It has changed by way of transparency and accountability.  In the past there wasn’t any transparency or accountability and a lot of the players in the industry have since gone out of business.  The industry has gone to more of a transparent model, which is really good for everyone who plays by the rules and is able to provide a quality service.  The folks who are not able to play by the rules and don’t provide a quality service are essentially kicked out of business.  That’s kind of the way the industry has evolved over time.

 

If you could change 1 thing you did in the beginning of your career, what would it be?

I would invest more in staff in terms of education and tools, to really provide them with additional value-added education in order for them to learn and grow and ultimately help the company expand.

 

How do you maintain a work life balance?

Part of our company culture is providing employees with the ability to have a half day.  Our goal is to allow the flexibility for the employee to get their work done during the week, then provide them a half-day on a Friday in order for them to be able to start the weekend early, get their personal life tasks done, or having that flexibility to do remote work.  There’s definitely a huge focus work/life balance at AdMedia.  My personal belief is if you can get 50% work and 50% home life, then you’re in good shape because that’s the best of both worlds.  You can increase productivity, feel accomplished, and then you also move things forward for yourself professionally and personally.  That’s been our formula and it’s worked really well.

 

What has been the hardest obstacle you’ve overcome?

Trying to gain access to the right decisionmakers at companies in order to start relationships with them.  Since the pandemic hit, it’s been an obstacle because obviously there’s no face-to-face time.  Everything is all done virtually.  At the same time, we are true believers that at some point everyone’s going to want to connect with us and hear us out.  We’re pretty hopeful of that, because we really can sell ourselves in person.  We usually meet prospective clients in person at trade shows and have face-to-face time.  We’ve also met at clients’ offices.  It’s all been one hundred percent face-to-face, and now it’s all virtual.  It has completely shifted from what it was previously.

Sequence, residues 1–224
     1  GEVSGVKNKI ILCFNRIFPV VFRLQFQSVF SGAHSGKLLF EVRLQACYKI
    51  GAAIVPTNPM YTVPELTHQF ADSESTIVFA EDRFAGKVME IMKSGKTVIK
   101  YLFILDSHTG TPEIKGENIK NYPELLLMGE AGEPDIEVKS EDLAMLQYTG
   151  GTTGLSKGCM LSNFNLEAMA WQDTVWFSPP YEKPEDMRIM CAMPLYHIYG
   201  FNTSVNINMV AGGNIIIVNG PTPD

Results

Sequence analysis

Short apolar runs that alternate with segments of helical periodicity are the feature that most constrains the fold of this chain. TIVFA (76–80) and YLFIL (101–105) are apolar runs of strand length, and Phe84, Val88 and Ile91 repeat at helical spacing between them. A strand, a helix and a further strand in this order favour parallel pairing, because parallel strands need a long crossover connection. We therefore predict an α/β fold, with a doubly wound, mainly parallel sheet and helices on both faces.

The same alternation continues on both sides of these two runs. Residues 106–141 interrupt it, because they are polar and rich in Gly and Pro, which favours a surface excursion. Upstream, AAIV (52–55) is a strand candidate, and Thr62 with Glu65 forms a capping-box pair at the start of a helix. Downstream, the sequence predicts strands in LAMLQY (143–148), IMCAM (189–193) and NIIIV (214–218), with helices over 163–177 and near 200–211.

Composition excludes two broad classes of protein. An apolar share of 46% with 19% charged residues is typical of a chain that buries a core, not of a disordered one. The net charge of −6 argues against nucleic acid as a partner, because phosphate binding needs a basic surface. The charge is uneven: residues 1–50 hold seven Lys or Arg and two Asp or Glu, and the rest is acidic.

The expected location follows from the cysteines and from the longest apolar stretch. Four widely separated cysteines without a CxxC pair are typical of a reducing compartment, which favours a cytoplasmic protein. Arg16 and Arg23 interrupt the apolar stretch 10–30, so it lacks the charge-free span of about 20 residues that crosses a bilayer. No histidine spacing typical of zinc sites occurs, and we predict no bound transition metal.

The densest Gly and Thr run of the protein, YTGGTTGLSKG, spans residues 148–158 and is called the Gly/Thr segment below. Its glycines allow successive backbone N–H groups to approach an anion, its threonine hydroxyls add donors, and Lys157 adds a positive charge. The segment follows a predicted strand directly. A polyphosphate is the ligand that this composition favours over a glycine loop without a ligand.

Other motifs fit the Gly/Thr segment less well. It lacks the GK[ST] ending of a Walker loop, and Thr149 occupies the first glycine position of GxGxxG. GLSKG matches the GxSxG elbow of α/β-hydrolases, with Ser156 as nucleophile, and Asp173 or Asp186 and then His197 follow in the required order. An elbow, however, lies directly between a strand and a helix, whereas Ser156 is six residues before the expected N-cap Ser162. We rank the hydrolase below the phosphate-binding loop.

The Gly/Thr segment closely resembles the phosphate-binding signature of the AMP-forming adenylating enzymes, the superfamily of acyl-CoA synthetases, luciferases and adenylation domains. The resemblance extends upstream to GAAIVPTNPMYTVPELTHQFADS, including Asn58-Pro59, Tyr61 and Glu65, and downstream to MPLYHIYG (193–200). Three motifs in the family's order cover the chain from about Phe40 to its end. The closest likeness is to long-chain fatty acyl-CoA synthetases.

What is one piece of advice that you have never forgotten?

Stay humble.

 

What does success look like for you (personal or professional)?

Success in business is not only increasing revenue from quarter-over-quarter or year-to-year, but also maintaining client retention and satisfaction with our results at all times.  The most successful aspect of this would be if a client were going through some internal corporate growing pains or issues with sales, and we would be able to help them achieve their goals, which in turn helps us achieve ours.  A perfect example would be the situation Johnson & Johnson is in with their vaccine that they just released.  There have been some problems with that rollout, and so they’re having some financial issues and stock drops, so they need to rebound from that type of situation. In order to do that they would turn to companies like ours to help make up revenue through sales on other products, and thus reduce the damage from the hit that they took.

CEO of Penske Media Group. Experienced Content Editor with a demonstrated history of working in the newspaper industry. Spoken on stages around the globe - NYU, US Embassy, P&G Toronto, and much more.